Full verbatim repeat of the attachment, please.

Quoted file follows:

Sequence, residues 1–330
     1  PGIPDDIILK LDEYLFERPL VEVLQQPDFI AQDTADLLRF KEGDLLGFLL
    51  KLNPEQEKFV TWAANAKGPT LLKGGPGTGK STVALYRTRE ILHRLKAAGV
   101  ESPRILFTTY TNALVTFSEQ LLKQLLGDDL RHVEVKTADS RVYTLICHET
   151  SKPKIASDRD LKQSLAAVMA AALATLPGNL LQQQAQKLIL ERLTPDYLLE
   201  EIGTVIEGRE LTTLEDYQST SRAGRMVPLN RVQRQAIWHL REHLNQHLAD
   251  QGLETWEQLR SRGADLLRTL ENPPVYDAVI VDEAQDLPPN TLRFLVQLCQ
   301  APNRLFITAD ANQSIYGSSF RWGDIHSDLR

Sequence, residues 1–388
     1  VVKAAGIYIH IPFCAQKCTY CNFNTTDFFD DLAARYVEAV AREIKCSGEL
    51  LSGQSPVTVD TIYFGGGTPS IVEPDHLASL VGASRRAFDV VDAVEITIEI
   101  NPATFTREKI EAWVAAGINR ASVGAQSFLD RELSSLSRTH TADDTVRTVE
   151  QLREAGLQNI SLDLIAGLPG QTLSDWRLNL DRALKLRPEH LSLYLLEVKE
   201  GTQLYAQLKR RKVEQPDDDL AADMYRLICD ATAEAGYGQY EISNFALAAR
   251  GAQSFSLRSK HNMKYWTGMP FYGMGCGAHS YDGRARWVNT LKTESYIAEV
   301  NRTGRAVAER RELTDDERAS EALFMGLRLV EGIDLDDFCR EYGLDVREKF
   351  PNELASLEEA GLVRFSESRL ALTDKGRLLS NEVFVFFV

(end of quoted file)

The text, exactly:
Sequence, residues 1–330
     1  PGIPDDIILK LDEYLFERPL VEVLQQPDFI AQDTADLLRF KEGDLLGFLL
    51  KLNPEQEKFV TWAANAKGPT LLKGGPGTGK STVALYRTRE ILHRLKAAGV
   101  ESPRILFTTY TNALVTFSEQ LLKQLLGDDL RHVEVKTADS RVYTLICHET
   151  SKPKIASDRD LKQSLAAVMA AALATLPGNL LQQQAQKLIL ERLTPDYLLE
   201  EIGTVIEGRE LTTLEDYQST SRAGRMVPLN RVQRQAIWHL REHLNQHLAD
   251  QGLETWEQLR SRGADLLRTL ENPPVYDAVI VDEAQDLPPN TLRFLVQLCQ
   301  APNRLFITAD ANQSIYGSSF RWGDIHSDLR

Sequence, residues 1–388
     1  VVKAAGIYIH IPFCAQKCTY CNFNTTDFFD DLAARYVEAV AREIKCSGEL
    51  LSGQSPVTVD TIYFGGGTPS IVEPDHLASL VGASRRAFDV VDAVEITIEI
   101  NPATFTREKI EAWVAAGINR ASVGAQSFLD RELSSLSRTH TADDTVRTVE
   151  QLREAGLQNI SLDLIAGLPG QTLSDWRLNL DRALKLRPEH LSLYLLEVKE
   201  GTQLYAQLKR RKVEQPDDDL AADMYRLICD ATAEAGYGQY EISNFALAAR
   251  GAQSFSLRSK HNMKYWTGMP FYGMGCGAHS YDGRARWVNT LKTESYIAEV
   301  NRTGRAVAER RELTDDERAS EALFMGLRLV EGIDLDDFCR EYGLDVREKF
   351  PNELASLEEA GLVRFSESRL ALTDKGRLLS NEVFVFFV